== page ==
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Een Chinese blik op de Gordon-rel

GordonIn last week’s Holland’s Got Talent show, judge Cornelis Heuckeroth, whose stage name is Gordon, sparked an outcry over a series of racist jokes he directed at a Chinese participant. When the Chinese contestant walked onto the stage, he asked ‘Which number are you singing? Number 39 with rice?’ When the contestant finished singing, Gordon made remarks.’ This is the best Chinese I’ve had in weeks and it’s not a take-away.’ He finished with: ‘He looks like a waiter from a Chinese restaurant ‘ in Dutch., the most authoritative Holland-based Chinese network community interviewed the Chinese contestant. Xiao Wang, a PhD student at the University of Groningen, performed La Donna è Mobile from Verdi’s Rigoletto. When asked about his own feeling towards the whole issue, he said: ‘I won’t make any comment on it, because I just focused on my performance.’
After the news became heated, Xiao Wang updated his own Facebook page with the sentence ‘A man, no matter who he is or where he comes from, with good ability and kind heart, will win others’ respect and applause.’
In the meantime, is calling for Chinese living in the Netherlands to take the issue seriously. In an announcement posted on the front page of, it reads: ‘We understand and respect the fact that people tend to speak directly and frankly in Dutch culture, but at the same time, we sincerely hope that Dutch people will realize that what Gordon said crossed the line and hurt the feelings of Chinese people.’

The founder of encourages Chinese to speak out and stand up. He believes if there is no sign of protest, these kinds of things could happen more frequently and more severely. is organizing anti-discrimination activities, including seminars to enhance communication between China and the Netherlands, inviting Dutch media, Dutch anti-discrimination group, representatives from government and professors specialized in Chinese culture.
But opinions about the Gordon issue differ among the Chinese community. Subi, a master student in Groningen from the western part of China, says she thinks everyone in the Netherlands has been friendly to her so far. She has never been discriminated against since her arrival in September.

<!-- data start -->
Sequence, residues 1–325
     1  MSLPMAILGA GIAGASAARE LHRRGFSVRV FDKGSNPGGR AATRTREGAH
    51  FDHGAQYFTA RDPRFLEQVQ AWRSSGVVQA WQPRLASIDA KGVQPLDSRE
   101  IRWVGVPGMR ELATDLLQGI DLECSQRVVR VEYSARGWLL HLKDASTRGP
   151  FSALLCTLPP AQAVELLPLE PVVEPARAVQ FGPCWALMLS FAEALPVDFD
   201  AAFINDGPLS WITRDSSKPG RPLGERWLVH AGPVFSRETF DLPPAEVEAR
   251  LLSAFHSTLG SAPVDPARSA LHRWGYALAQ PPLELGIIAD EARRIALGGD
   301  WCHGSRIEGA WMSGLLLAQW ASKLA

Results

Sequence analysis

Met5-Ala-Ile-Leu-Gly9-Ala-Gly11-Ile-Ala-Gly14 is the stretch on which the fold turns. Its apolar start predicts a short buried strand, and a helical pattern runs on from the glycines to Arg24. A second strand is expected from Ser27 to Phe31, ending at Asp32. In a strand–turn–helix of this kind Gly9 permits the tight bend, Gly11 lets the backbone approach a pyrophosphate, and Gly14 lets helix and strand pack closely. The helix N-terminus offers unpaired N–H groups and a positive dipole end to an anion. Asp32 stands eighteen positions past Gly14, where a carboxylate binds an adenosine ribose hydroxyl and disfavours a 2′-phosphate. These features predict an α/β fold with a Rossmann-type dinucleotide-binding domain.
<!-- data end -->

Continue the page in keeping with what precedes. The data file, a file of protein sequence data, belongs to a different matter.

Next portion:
‘Dutch are famous for their big mouth. They dare to say anything’, Jianmang Li, a famous Chinese columnist and critic who has been living in the Netherlands for two decades and is now an official Dutch citizen, updated his blog after the discrimination news came out. ‘Although sometimes their words can be unacceptable, I don’t think they really mean it. Like Gordon, he just thought about those Chinese-related jokes, I don’t think he discriminates against Chinese’, Li wrote, ‘If the Chinese contestant had showed his anger on stage, I believe Gordon would have apologized immediately.’
In fact, many Chinese protestors hold the same beliefs as Li. They don’t regard Gordon as a racist. They believe that he just didn’t realize that what he said on television would trigger such severe reactions. The reason why this time Chinese-Dutch are so outraged is that these so-called jokes are rooted in their daily lives.
On, Canadian journalist Suzanne Ma, who has Chinese heritage, wrote a story about her husband, who is a second-generation Chinese-Dutch. ‘Marc, my husband, grew up in a small city in the south of Holland. He was the only Chinese kid in his class and sometimes, it was rough. Their jokes don’t translate well into English. “What do the Chinese call buttocks? Wang Snee Wang,” the children would taunt. The words literally mean “cheek cut cheek” but apparently to the Dutch, they also sound like a Chinese name. “What is Chinese and hangs on the wall? Witte lijst.” White rice, but rice said with an ‘l’ means frame. They sang a song called Hanky Panky Shanghai while pulling their eyelids to the side. I was outraged when Marc told me these stories. But he simply shrugged and said it was a part of every Chinese kid’s experience growing up in the Netherlands. There were many others like him.’
Suzanne called the second-generation Chinese-Dutch a silent minority who experienced a lot of discrimination in their daily life but never stood up for themselves. But many of them see this moment as a good chance to make a difference, to let their voices be heard. Second-generation Chinese-Dutch Sara Lee started a petition in a world petition platform In her petition, she asked RTL, the broadcasting company of Holland’s Got Talent, to apologize for Gordon’s racist remarks towards Chinese singer Xiao Wang. Until November 27, her petition has gained 4,200 supporters.
The Radio Netherlands Wereldomroep (RNW) interviewed influential activist Nancy Chen. She said jokes about Chinese people’s appearance and characteristics are common things in her and her children’s life in the Netherlands. She doesn’t think this is meant in a racist way, but she believes Dutch media should in part be held responsible for the construction of Chinese stereotypes.
Nancy said the Netherlands is the most unrestrained country, but there is no ultimate freedom. While people are enjoying their rights and freedom, they should also show responsibility. A tolerant society should not allow the existence of verbal violence. Nancy believes if Chinese keep silent, their living atmosphere in the Netherlands might be affected.

Wanchen Wu is een exchange student uit China die dit semester een Minor Journalism aan de Hanzehogeschool volgt.